Learn about the options for controlling lawn and garden weeds from horticulture specialists with Iowa State University Extension and Outreach.
Many commercial growers and home gardeners often confront the issue of Blossom End Rot (BER) in their tomato, pepper, and eggplant. The BER is a physiological disorder caused by a localized calcium deficiency in the blossom-end of the fruit. It is a physiological disorder and is not caused by fungi, bacteria, or any other living disease microorganisms. Also, BER could also be seen on non-solanaceous crops such as pumpkins, squash, and watermelons.
Iowans can expect next year to be bright and colorful – at least according to the images found within the 2021 Garden Calendar produced by Iowa State University Extension and Outreach.
Many gardeners like to get a head start on the gardening season by starting flower and vegetable seedlings indoors. Successfully growing seedlings indoors requires high quality seeds, a germination medium, containers, lights and other supplies, note horticulture specialists with Iowa State University Extension and Outreach. To have additional questions answered, contact the Hortline at 515-294-3108 or hortline @iastate.edu.
Seeds germinate fast when the soil is already nice and warm, which makes late summer a good time to rejuvenate lawns and plant fall vegetable crops of spinach, lettuce, peas and kale. Or plant a new tree.
Summer garden projects often include plans for future expansion or modifications. If you are thinking of constructing or transitioning to raised garden beds, learn more about safe construction materials to use.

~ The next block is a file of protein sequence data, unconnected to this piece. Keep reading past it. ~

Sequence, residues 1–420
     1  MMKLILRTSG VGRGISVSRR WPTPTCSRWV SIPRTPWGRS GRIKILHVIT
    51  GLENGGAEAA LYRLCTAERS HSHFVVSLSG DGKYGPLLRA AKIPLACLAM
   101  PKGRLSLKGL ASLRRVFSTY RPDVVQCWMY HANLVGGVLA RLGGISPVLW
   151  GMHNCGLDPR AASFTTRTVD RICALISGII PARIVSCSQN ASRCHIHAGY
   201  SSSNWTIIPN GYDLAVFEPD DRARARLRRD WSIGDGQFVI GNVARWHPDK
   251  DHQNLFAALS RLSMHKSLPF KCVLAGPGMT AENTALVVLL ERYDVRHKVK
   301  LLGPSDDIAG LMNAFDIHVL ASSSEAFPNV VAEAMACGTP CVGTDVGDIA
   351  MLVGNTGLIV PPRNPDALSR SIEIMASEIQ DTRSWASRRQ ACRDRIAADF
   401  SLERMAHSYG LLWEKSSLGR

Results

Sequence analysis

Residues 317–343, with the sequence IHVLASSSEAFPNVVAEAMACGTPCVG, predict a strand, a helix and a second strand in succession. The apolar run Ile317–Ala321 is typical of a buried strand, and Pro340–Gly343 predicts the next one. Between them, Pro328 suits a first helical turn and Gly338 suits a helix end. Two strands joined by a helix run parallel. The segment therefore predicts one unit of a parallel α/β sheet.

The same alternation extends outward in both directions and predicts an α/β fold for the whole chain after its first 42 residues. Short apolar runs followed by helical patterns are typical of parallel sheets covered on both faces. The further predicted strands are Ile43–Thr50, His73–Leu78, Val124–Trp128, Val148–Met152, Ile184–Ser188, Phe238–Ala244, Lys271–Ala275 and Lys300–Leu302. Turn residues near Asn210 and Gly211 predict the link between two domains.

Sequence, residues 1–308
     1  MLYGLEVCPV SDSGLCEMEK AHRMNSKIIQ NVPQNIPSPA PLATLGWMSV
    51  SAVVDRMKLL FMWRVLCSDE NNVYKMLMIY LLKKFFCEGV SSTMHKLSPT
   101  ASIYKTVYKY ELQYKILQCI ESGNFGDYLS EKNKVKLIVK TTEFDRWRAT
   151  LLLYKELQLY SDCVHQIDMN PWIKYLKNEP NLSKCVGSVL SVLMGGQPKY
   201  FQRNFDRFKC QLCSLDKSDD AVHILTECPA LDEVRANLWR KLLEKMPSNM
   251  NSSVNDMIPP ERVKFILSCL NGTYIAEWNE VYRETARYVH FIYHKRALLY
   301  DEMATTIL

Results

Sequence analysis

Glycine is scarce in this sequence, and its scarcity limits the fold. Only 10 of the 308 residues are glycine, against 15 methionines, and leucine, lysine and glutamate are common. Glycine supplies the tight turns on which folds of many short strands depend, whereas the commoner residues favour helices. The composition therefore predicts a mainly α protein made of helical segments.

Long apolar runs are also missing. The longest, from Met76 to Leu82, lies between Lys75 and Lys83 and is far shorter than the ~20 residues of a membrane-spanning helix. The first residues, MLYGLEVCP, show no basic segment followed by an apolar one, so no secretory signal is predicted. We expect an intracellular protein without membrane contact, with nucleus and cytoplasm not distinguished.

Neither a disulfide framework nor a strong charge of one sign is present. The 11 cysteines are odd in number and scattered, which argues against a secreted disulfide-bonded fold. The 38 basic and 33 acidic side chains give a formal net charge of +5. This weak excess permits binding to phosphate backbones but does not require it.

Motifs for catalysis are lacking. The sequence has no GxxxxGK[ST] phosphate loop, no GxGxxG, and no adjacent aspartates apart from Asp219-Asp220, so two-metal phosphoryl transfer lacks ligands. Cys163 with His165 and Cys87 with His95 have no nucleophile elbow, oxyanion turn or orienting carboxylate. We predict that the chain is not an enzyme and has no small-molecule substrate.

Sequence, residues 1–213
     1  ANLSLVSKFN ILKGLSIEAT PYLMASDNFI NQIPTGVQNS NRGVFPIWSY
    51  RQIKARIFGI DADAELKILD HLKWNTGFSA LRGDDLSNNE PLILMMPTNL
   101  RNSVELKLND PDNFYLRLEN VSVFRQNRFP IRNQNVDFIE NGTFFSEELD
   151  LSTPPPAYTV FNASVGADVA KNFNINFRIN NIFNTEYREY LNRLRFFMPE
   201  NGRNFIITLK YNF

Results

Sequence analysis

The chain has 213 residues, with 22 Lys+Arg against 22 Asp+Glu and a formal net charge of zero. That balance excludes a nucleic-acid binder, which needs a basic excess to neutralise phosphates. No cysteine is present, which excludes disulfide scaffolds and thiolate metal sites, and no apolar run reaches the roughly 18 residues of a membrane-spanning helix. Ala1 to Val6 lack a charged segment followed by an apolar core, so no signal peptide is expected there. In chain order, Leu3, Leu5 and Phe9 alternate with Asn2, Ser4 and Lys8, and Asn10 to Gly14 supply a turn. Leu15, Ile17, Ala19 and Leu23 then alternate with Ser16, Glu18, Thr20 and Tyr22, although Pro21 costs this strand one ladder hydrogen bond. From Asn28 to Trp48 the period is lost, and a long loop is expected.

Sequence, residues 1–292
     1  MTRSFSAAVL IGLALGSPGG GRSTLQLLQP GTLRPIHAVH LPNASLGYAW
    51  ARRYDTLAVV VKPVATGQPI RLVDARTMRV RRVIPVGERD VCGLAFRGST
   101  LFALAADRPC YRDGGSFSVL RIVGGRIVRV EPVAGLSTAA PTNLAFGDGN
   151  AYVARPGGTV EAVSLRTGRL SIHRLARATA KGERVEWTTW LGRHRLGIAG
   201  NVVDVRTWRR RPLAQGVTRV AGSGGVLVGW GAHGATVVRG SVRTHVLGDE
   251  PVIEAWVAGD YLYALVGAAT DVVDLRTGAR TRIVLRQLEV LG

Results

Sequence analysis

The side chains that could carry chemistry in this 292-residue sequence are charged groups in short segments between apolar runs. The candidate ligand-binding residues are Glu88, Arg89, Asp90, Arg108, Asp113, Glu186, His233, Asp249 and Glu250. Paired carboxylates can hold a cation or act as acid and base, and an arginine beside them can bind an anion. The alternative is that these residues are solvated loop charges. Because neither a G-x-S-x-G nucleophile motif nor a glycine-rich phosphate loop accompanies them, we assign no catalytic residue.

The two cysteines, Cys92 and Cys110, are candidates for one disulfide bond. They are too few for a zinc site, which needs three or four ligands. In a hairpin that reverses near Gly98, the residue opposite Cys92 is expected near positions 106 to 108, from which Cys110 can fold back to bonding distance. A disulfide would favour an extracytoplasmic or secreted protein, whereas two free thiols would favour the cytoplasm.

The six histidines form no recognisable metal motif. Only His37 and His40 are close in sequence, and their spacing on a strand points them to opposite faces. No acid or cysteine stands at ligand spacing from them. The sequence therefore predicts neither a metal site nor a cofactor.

If your home garden ends up larger than planned or more tomatoes, potatoes, and zucchini are planted than are actually needed, donating to your local food pantry is a great option. Donations from home gardeners and commercial fruit and vegetable growers are important to food pantries.
Seed saving is a fun family activity and the seeds of many garden plants are easy to collect and save. There are a few things to keep in mind when collecting and saving seeds to assure that they are viable the following year.
Basil (Ocimum basilicum) has long been considered the “King of the Herbs” – not only because of its popularity, but also because the name “basileus” literally means “king” in Greek. Basil has a long history of cultivation around the world and has been used as a culinary herb, aromatic herb, and ornamental herb for centuries.
A comprehensive testing of soils for soil fertility and nutrient management planning for your crop, garden, or turf area is desirable to use as a basis for adjusting fertilizer, manure and limestone applications. Over or under application may reduce profits.